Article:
Lena & Max Tobias

As recorded in the board’s minutes, William Tobias, who was dying of consumption and divorced, applied for the admission of his children. In March 1905, with the endorsement of San Antonio’s B’nai B’rith Edar Lodge 211, the board admitted Lena and Max, ages 6 and 4. William died one month later.

While in the Home, Lena was elected vice-president of the Golden City Sisterhood. When she graduated from Isidore Newman Manual Training  School in 1916, Lena wrote her senior paper on “My Favorite Statesman” and was the featured soloist for the singing of the class song. Following graduation, Lena learned stenography and, with a monthly stipend from the Home, briefly lived in a nearby boarding house as a non-resident ward. In 1917, she married fellow Home alumnus Morris Burka; she was “given away” by Home Superintendent Leon Volmer and received $150 from the Home’s Simon Gumbel Dowry Fund. Lena died in 1931 at the young age of 32. 

Max and Lena Tobias

Siblings Max and Lena Tobias, c. 1910. Courtesy of Judge Max Tobias, Jr.

In the Home, like his older sister, Max was elected to the Golden City Brotherhood. At school, his Newman senior classmates jokingly touted his “splendidly developed vocal organs” which they claimed he “practiced on the teachers” and used to share “his fund of jokes.” In 1919, shortly after discharge to his married sister, Max graduated from Newman. He soon started working as a clerk in the manufacturing of cotton and burlap bags, which would become his life-long career, and by 1932 founded the Max N. Tobias Bag Co.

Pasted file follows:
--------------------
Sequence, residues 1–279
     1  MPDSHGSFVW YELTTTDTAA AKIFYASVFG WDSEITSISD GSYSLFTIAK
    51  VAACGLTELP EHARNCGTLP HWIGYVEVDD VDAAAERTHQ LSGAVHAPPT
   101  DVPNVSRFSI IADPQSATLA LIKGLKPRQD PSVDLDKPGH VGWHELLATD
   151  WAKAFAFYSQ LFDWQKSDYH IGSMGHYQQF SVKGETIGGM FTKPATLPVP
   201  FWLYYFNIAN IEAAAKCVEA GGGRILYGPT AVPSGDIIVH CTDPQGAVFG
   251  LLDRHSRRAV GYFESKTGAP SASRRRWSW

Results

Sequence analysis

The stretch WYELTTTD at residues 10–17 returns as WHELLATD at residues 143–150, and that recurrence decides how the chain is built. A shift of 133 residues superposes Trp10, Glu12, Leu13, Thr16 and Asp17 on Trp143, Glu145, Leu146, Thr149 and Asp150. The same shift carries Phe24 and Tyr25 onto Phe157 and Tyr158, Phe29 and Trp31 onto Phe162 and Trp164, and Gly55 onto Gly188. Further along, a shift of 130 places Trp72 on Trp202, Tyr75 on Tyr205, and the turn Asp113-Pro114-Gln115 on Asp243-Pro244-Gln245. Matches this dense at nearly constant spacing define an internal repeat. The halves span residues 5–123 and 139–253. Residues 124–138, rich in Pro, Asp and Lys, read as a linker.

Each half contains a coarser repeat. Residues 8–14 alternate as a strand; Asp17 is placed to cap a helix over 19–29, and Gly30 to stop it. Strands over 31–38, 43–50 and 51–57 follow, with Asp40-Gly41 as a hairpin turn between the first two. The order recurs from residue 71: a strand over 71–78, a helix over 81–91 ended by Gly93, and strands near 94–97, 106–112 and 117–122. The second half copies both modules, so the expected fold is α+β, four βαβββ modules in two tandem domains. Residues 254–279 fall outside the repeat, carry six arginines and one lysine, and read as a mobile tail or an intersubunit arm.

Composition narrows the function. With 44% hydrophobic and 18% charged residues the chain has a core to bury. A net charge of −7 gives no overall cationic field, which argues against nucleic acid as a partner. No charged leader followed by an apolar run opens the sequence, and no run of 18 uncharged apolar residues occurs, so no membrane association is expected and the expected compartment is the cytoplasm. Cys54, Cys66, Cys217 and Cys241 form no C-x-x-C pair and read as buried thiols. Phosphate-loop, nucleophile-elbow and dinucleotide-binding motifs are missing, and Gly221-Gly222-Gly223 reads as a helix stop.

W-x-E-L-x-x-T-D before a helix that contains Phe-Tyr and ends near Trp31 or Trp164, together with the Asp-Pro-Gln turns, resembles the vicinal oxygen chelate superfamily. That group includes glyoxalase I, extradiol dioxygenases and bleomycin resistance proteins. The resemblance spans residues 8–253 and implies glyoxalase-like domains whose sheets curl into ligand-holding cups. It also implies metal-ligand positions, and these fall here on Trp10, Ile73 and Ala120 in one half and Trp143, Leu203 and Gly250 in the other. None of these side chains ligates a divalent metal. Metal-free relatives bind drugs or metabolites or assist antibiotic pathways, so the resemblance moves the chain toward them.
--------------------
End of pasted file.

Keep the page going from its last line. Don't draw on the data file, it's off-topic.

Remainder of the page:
Max celebrated his success by taking up residence in the Roosevelt Hotel and, according to his son, wearing Calcutta suits (whose delicacy rendered them short-lived)  and smoking expensive cigars. When he married fellow Home alumna Mildred Gordon, following their meeting in the Hotel’s famous Blue Room, they moved into a suite where they raised their son and remained the rest of their lives. An avid horseman, Max served as State Racing Commission chair from 1952 to 1956 and continued as a director until his death in 1974. According to the Times-Picayune, he left an estate valued in excess of $2 million.

Max Tobias, Newman Pioneer 1919

Max Tobias, senior photo. Isidore Newman Manual Training School Pioneer, May 1919.

Max N. Tobias, Sr., 1974

Max N. Tobias, Sr. Unattributed photo from Times Picayune, Nov. 17, 1974.

Ad for Max N. Tobias Bag Co.

Ad for Max N. Tobias Bag Co., New Orleans Item, May 2, 1954.